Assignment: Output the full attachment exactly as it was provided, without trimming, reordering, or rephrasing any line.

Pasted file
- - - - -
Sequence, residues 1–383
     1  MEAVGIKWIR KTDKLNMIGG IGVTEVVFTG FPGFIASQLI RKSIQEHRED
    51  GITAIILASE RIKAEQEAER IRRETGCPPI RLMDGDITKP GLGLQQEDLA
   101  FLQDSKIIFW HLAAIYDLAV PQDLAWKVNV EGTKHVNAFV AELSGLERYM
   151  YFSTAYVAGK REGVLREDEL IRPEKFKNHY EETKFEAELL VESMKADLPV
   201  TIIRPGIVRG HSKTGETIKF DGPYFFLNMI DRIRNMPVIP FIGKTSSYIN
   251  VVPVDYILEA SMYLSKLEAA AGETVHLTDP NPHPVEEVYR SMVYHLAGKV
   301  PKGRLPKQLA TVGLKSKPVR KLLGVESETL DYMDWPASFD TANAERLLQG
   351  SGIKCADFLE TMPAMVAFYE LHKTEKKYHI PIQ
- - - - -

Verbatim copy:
Sequence, residues 1–383
     1  MEAVGIKWIR KTDKLNMIGG IGVTEVVFTG FPGFIASQLI RKSIQEHRED
    51  GITAIILASE RIKAEQEAER IRRETGCPPI RLMDGDITKP GLGLQQEDLA
   101  FLQDSKIIFW HLAAIYDLAV PQDLAWKVNV EGTKHVNAFV AELSGLERYM
   151  YFSTAYVAGK REGVLREDEL IRPEKFKNHY EETKFEAELL VESMKADLPV
   201  TIIRPGIVRG HSKTGETIKF DGPYFFLNMI DRIRNMPVIP FIGKTSSYIN
   251  VVPVDYILEA SMYLSKLEAA AGETVHLTDP NPHPVEEVYR SMVYHLAGKV
   301  PKGRLPKQLA TVGLKSKPVR KLLGVESETL DYMDWPASFD TANAERLLQG
   351  SGIKCADFLE TMPAMVAFYE LHKTEKKYHI PIQ